Alfa SAB, already the largest shareholder in Pacific Rubiales Energy Corp., joined Harbour Energy Ltd. in a takeover offer of about C$2.1 billion ($1.7 billion) for the Colombian company to expand into the oil industry.
Pacific Rubiales said exclusive talks are under way with Mexico’s Alfa and energy-investment firm Harbour. The C$6.50 a share bid is 18 percent more than Tuesday’s closing price in Toronto. The stock jumped 12 percent to C$6.16 on Wednesday. after surging 18 percent Tuesday when people familiar with the deal told Bloomberg News that Alfa and Harbour had made a bid.
The Pacific Rubiales board supports the offer and is “working on turning it into something binding” as quickly as possible, General Counsel Peter Volk said in a telephone interview Wednesday. A group of Venezuelan investors that owns more than 11 percent opposes the bid, said Orlando Alvarado, who represents O’Hara Administration Co. and three affiliates.
In pursuing Latin America’s largest non-state producer, Alfa moved closer to realizing its goal of becoming an oil company after Mexico agreed to open fields to private drillers for the first time since 1938. The Mexican manufacturer built its stake last year to almost 19 percent, short of the 20 percent that in most cases would spur a bid under Canadian law.
For Alfa, “in the short term this could generate some uncertainty because of the debt that Pacific Rubiales has and because of low oil prices,” Fernando Bolanos, an analyst at Monex Casa de Bolsa, said in an interview. “It’s somewhat positive in the mid to long term especially once oil prices rise and Pacific Rubiales’s debt can be restructured.”
Alfa shares fell 2.3 percent to 32.73 pesos in Mexico City after gaining as much as 2.8 percent.
Pacific Rubiales said in a statement that an independent financial adviser was hired to value the company, while Alfa and Harbour Energy have completed technical, financial and legal due diligence.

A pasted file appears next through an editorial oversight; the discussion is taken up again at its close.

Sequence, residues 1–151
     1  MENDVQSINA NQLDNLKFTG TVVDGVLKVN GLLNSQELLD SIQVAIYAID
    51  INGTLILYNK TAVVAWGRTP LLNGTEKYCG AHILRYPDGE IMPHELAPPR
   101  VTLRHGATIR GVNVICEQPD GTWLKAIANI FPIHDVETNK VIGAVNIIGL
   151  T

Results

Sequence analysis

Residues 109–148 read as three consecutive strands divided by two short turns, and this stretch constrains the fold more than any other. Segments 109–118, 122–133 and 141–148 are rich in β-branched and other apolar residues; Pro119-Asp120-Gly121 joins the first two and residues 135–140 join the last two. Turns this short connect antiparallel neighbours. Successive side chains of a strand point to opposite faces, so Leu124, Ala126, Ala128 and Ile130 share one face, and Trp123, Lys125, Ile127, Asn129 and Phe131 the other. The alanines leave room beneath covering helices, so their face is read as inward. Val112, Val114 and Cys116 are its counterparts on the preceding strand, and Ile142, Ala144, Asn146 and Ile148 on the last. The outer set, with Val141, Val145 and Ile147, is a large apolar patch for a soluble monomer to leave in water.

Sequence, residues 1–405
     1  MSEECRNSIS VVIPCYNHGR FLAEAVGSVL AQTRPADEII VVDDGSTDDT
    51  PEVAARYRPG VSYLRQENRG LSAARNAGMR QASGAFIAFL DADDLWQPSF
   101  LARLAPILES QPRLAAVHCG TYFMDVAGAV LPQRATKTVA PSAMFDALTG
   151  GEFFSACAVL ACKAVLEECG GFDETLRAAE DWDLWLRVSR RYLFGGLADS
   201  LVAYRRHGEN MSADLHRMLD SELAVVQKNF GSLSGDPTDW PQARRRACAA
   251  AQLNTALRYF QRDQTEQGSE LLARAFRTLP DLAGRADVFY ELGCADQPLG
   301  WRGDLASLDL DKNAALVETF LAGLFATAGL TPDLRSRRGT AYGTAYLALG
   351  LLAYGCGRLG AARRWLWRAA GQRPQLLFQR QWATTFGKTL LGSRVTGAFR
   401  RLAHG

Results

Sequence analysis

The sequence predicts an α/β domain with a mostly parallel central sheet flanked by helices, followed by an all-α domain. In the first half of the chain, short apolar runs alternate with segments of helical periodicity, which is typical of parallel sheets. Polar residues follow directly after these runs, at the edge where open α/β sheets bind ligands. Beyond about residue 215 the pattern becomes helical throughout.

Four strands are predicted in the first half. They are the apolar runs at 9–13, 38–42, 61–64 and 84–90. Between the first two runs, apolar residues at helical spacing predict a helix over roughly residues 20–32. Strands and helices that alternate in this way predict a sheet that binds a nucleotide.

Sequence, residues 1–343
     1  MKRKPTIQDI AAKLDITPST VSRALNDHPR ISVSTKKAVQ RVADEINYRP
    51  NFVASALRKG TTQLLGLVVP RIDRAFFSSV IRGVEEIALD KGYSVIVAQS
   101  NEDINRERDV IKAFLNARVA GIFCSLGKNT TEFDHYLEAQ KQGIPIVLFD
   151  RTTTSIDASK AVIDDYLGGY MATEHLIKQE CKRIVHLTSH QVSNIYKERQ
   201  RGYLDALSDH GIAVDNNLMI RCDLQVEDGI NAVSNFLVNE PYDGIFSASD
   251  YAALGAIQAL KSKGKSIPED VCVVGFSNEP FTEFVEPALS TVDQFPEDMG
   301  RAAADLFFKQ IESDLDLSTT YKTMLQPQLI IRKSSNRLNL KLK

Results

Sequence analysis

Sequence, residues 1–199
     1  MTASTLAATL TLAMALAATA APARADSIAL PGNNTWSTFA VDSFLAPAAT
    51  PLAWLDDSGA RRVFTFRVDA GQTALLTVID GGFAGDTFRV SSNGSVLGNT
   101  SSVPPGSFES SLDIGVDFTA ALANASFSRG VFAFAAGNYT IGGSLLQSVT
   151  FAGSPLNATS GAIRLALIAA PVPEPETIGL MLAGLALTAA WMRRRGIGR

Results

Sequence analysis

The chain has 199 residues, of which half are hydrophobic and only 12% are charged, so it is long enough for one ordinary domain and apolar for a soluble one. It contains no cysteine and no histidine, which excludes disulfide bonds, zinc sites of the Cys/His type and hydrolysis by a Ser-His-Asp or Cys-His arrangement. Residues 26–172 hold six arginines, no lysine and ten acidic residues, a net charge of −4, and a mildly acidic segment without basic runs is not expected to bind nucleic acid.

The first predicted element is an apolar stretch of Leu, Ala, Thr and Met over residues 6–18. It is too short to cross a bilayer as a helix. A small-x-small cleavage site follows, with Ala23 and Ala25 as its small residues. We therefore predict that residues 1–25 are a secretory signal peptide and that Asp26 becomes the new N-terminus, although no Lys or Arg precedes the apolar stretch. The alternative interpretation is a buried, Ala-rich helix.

The Alfa-Harbour offer is 73 percent below Pacific Rubiales’s 2014 high, which was set before crude prices began to tumble. The global rout in oil markets also called into question the plans for Alfa, which was seeking to add energy assets to a portfolio that already includes petrochemicals, lunch meat and auto parts.
Alfa Chairman Armando Garza told reporters April 15 that the company hadn’t resolved whether to stand pat with its Pacific Rubiales stock, buy more or sell the stake, saying a decision “isn’t easy to make.” A day later, in an interview at Alfa’s headquarters in San Pedro Garza Garcia, he said Pacific was on the right path to fix its business.
Harbour was formed by Asian commodity trader Noble Group Ltd. and private-equity firm EIG Global Energy Partners LLC, to invest in assets energy worldwide.
Pacific Rubiales has debt of about $4.7 billion, which has ballooned following acquisitions of smaller oil companies as it faces the end of a contract to operate the namesake Rubiales field.
A group of at least five Venezuelan businessmen have built an 10.3 percent stake in the company in the last two months, becoming the third largest investor in Pacific Rubiales, said the group’s representative Alvarado. The group declared an additional 0.84 percent stake Wednesday and is looking to continue buying stock, he said by telephone Wednesday.
The Venezuelan group won’t sell to Alfa, said Alvarado, a former ABN AMRO Bank NV investment banker and chief financial officer of Caracas-based engineering company Derwick Associates. “We see ourselves as long-term investors and we’re getting traction.”